Fulton County DA Fani Willis has responded to Rep. Jim Jordan’s demand for answers regarding her RICO case against Donald Trump and 18 other co-defendants.
Jordan opened a probe into the prosecutions in late August and sent a letter to Willis noting her conflicts of interest and the federal interests at play.
Jordan went on to detail how the indictments affect federal interests and questioned potential coordination between the district attorney’s office and the Justice Department, which recently indicted the former president for a slew of charges related to the 2020 presidential election. He demands that Willis turn over specific documents by September 7.
Willis has now responded, and she did so with the typical unearned arrogance she’s carried herself with for her last several years in the spotlight. In a letter leaked to the Atlanta Journal-Constitution, which gives a pretty good idea of who leaked it, Willis tells Jordan he has no right to “interfere” in her affairs and suggests he go buy a law book because he lacks “a basic understanding of the law.”
Fulton County District Attorney Fani Willis told GOP Rep. Jim Jordan that he lacked “a basic understanding of the law, its practice, and the ethical obligations of attorneys generally and prosecutors specifically” after he sent her a letter in late August “demanding information and communications” and helped start a congressional inquiry of her prosecution against former President Donald Trump.
By trying to obstruct the prosecution, Willis wrote, Jordan and the House Judiciary Committee were violating the ever-heralded principles of state sovereignty, which she wrote is “offensive and will not stand.”
Believing that Jordan’s RICO charge-related questions were “misinformed,” Willis also suggested Jordan purchase and read a $249 law book, “RICO State-by-State.”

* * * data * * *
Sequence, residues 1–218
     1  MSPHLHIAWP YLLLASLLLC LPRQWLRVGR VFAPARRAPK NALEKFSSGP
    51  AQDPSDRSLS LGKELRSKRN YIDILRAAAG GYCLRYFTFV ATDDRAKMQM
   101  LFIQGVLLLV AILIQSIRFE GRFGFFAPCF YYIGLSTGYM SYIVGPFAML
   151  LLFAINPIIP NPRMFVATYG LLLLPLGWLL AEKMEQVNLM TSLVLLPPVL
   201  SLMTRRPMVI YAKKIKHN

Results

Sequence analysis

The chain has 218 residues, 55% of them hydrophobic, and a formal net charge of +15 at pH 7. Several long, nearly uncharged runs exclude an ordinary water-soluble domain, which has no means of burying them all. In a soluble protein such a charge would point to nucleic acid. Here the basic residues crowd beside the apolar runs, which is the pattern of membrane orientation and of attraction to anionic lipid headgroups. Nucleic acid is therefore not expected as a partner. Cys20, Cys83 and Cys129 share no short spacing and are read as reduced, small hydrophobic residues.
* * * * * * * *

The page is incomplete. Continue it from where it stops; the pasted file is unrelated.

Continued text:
Of course, many people who have far more than a “basic understanding of the law” have questioned Willis’ plan to use RICO statutes in a case where there is very little direct evidence of a grand criminal conspiracy to overthrow the election. Her case is largely predicated on lots of statements that, on closer examination, appear to have been just desperate shooting from the hip by Trump and his associates. There are also recordings of those who organized the “alternate electors” stating they were not trying to pass themselves off as the real electors but were intending to preserve the ability to legally challenge the election.
Regardless, there is likely little Jordan can do to compel Willis to cooperate. If a subpoena was issued, she’d almost certainly fight it, likely tying the matter up in court longer than it would be relevant. There’s also no reason to believe she’d produce documents nor discuss her legal strategy voluntarily while she’s in the middle of pursuing these cases.
It’s not the answer many will want, but there’s essentially nothing any federal official can do Willis, no matter how out-of-bounds she travels. In the end, it will be up to the judge in the case to keep things within the lines, and given what’s transpired so far, there’s little reason to believe he’ll do that.